Jeanne knows that Sophie’s story about the phone not working isn’t true, but makes the call; based in a slight deception, this is the beginning of a friendship which gradually amplifies the resentment each woman feels towards the Lelievres and their kind. But in contrast to the contained anger of Sophie, Jeanne is brash and openly contemptuous – Georges’ anger stems from the fact that Jeanne opens everyone’s mail and makes no effort to hide the fact. When Sophie begins to sneak Jeanne into the house to watch television in her room, it’s as much an act of aggression towards her employers as it is a simple gesture of friendship. It’s also the beginning of a more openly expressed conflict.
The story takes its irrevocable turn when Sophie listens in to a phone conversation between Melinda and her boyfriend and learns that she’s pregnant. Almost simultaneously, Melinda discovers Sophie’s illiteracy. Her offer to help Sophie learn to read is made with good intentions, but is received as a kind of attack – Sophie threatens to tell Georges about the pregnancy if Melinda exposes her. After this, there’s no going back; the tenuous balance between Sophie and the family is ruptured and inevitably she is fired; threatening Melinda with blackmail has violated all the rules.
In other circumstances, Sophie might simply have left, but the bond she now has with Jeanne gives her an ally against their mutual class enemies. Sneaking back into the house, the pair gleefully trash Catherine’s wardrobe as the family sit together downstairs watching a performance of Mozart’s Don Giovanni on television. Bourgeois complacency turns out to be no defence against pent up class resentment and a quiet evening at home ends in a chilling explosion of violence, unpremeditated but inescapable.
Although Chabrol doesn’t present the bourgeois family as caricatures, or even cast them in a particularly negative light, they are unthinkingly trapped within their class assumptions and unable to see clearly how, and why, they provoke resentment in their “social inferiors”. The performances of Bisset, Cassel, Ledoyen and Merlet are fine, but there’s a kind of weightlessness to them; they live on the surface. Bonnaire and Huppert, on the other hand, are full of a dark energy, lifetimes of resentment and anger which, when brought together, light a fuse which neither women has the means to put out.
Adapted by Chabrol and Caroline Eliacheff from Ruth Rendell’s novel A Judgement in Stone, La cérémonie coolly uses a study of folie à deux to dissect seemingly incompatible class differences. Criterion’s new Blu-ray includes a selected-scene commentary from Chabrol which offers fascinating insight into what seems almost a lack of style; at first glance the film appears quite conventional, but as Chabrol points out the smallest details of framing and camera movement, the care and precision of his technique comes into focus. Just like Hitchcock, he has masterful control over how the viewer takes in what’s being shown, focusing our attention and evoking very specific emotional responses which continuously guide and complicate identification with the characters, nudging us towards an understanding of the motives of the perpetrators, the obliviousness of the victims and the causes of that final eruption of violence.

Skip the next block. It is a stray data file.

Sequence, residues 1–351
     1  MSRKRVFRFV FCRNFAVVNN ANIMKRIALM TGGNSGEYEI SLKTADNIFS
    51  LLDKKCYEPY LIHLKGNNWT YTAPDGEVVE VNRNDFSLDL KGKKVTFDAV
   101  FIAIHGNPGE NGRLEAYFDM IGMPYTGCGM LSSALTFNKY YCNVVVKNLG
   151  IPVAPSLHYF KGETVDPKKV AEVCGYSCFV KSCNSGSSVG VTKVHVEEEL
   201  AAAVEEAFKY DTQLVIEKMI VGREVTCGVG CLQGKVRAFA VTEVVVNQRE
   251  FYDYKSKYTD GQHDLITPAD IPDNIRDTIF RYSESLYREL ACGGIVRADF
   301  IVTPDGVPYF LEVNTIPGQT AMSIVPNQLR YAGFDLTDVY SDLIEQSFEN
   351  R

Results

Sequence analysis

Criterion’s new 4K restoration has a somewhat problematic greenish hue which makes the colours slightly unnatural, but otherwise the image is clean and detailed, with excellent contrast. The soundtrack is excellent, conveying the significant use made of off-screen sound – overheard voices, music being played in other rooms, and near the end gunshots misinterpreted as car backfires.
In addition to Chabrol’s partial commentary (29:03), there’s an introduction by Bong Joon Ho (12:59), a great admirer of Chabrol’s work which he states has been a strong influence on his own style.
A making-of (18:35) from 1995 includes behind-the-scenes material and on-set interviews. There are archival interviews with Sandrine Bonnaire (2020, 12:33) and scriptwriter Caroline Eliacheff (2000, 9:22), and a program in which Chabrol and Huppert discuss the nature of their long collaboration (1998, 22:05) – seven features over three decades.
A brief featurette from the Criterion Channel has scholar Jeff Smith discussing the use of off-screen sound as a cinematic device, with examples from His Girl Friday, The Testament of Dr. Mabuse and Knife in the Water as well as La cérémonie.
Finally, there’s a trailer (1:01) and a booklet essay by Sarah Weinman, an authority on true crime and crime fiction.